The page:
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While We Are Yet Decaying: Death in Ancient Greece--World Poetry Project
Death is our constant companion. Many attitudes towards the inevitable end are possible. At this time in this country, we flee from it as from a grand injustice, an act of unmistakable malice. Even death in old age seems to us to arrive too soon, and we speak of death in war with the same indignation as we speak of murder, at least we do when the combat casualty is one of our own. This will change. Our attitude towards death, as that towards life and our valuation of it, fluctuates, framed by an ongoing debate upon what in ourselves and in our communal existence as humans has significance.
Today we will look at the way some Greek poets wrote of death, and thus at how they memorialized life. This discussion will embrace poems on the death of a culture as well as the deaths of individuals. Cultures, too, have died and had witnesses to their passing.
As I have mentioned before, women were often treated badly in Greek verse, but the exceptions can be illuminating and exceptionally touching, as in Heraclitus's "The soil is freshly dug", translated by Edwin Morgan. The setting is a new grave and its tombstone read by a traveler:
Stranger I am Artemias of Cnidua. I was the wife of Euphro. Labour pains were not withheld
from me. I left one twin to guide my husband's old age, and took the other to remind me of him.
Artemias' offering to her husband is a living child, a means of support for his future, when he will be old and require aid. It is the bond between husband and wife, not mother and child or father and child, that is privileged in this poem. She takes one child with her not for desire of the child itself, but in order to retain the memory of her husband through the presence of the child. Love is celebrated in this poem, the man between a specific man and a specific woman. Life is not lived, and grief is not suffered, by generic types, but by real men and real women in relationship to one another. The importance of naming on a gravestone, and the address of the dead to the stranger-reader suggest to us the importance Greeks, and also Romans, placed on memory, on the act of being remembered. Once forgotten, the individual was truly dead and without place in life. This is a partial explanation for the Graeco-Roman hunger for fame as found in these memorials of their individual deaths. The famous lived longer in historical time than their brief lives above ground, as they were long-remembered and by many more people than the obscure and the typical.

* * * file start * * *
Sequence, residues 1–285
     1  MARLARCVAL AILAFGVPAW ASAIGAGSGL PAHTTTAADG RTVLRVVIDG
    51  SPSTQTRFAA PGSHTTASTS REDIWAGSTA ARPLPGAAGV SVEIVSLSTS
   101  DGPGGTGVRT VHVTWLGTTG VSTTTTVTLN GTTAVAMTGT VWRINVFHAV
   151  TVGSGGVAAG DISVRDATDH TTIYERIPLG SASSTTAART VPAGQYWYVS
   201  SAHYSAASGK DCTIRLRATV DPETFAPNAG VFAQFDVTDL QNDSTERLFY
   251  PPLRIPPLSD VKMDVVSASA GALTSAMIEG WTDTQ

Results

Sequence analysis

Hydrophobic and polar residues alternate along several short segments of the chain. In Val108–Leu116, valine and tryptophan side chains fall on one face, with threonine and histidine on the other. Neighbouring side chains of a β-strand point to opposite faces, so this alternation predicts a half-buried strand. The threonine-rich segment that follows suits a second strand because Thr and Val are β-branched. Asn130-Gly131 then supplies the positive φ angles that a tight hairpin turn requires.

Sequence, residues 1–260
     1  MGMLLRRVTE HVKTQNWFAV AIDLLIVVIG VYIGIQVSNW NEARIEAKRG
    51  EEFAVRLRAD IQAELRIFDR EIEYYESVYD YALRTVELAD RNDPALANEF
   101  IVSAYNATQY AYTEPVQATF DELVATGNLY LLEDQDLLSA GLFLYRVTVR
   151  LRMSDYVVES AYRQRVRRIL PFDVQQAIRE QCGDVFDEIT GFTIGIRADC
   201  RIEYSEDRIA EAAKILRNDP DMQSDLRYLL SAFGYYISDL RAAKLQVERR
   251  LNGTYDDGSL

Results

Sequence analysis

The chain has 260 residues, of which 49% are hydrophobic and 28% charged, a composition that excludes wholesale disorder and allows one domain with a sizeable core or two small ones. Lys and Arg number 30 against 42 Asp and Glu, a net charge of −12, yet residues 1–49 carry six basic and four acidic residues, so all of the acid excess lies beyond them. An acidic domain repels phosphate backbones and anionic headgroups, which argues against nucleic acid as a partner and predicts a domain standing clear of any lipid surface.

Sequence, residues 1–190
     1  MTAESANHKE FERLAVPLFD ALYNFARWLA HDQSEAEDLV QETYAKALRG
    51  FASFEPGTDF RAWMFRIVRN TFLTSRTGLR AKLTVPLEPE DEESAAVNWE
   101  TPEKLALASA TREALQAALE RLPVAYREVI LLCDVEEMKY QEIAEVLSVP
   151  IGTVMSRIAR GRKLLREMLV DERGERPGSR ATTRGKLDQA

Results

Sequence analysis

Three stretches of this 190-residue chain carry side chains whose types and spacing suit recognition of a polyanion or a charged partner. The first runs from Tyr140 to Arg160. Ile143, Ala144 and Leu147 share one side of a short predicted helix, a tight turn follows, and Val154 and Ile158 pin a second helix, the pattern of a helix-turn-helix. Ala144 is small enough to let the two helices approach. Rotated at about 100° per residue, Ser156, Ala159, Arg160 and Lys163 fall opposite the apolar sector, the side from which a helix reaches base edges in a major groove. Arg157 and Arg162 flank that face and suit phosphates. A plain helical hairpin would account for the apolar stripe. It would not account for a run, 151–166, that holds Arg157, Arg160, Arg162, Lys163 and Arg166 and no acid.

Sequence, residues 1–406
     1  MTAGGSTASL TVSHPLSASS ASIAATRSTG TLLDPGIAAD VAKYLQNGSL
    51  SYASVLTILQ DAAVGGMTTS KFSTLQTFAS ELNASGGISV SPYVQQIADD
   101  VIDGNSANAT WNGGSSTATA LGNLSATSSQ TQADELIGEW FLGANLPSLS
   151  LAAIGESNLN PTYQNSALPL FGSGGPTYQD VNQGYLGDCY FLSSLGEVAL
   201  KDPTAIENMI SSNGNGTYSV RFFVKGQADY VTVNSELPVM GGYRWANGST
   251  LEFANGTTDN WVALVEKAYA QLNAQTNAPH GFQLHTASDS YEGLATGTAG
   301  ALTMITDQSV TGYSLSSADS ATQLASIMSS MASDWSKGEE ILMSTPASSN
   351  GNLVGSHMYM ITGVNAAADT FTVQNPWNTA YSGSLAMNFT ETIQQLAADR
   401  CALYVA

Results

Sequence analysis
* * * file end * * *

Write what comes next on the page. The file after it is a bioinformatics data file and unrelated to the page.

Artemias was memorialized by her husband, not so Theris of whom Leonidas of Tarentum writes. Theris the fisherman died old, never having gone to war or earned fame. He "lived by his fish traps/And nets, more at home on the sea than a gull". He died alone at home, and yet he has a grave and a stone, established by the fisherman's union. Again it is the man in relationship to a community that guarantees memory. Men are not remembered, as they do not exist, as isolates, but are remembered by those they belonged with in a relationship. So long as there was community, so long as one was not truly solitary and abandoned, as was Philoctetes, there would be at least this--your name on a tomb.
Previously I discussed Callimachus's attack on critics. Let us now listen to him on the subject of death. The first, "Epigram", speaks of a sudden death, perhaps the death of a child.
You were in our eyes. Today
We buried you.
The death is unexpected, the thing of a day. Yet this does not have to mean it was completely unexpected. Even with a long-expected death, there is a great difference between the soon and the now. So it was with my grandmother's death last year. She was old, frail, and ill, but it was still a shock and a resistance to the reality of her death occurred when it happened. There was still that great chasm of absence created between her living presence the day before and the first day without her.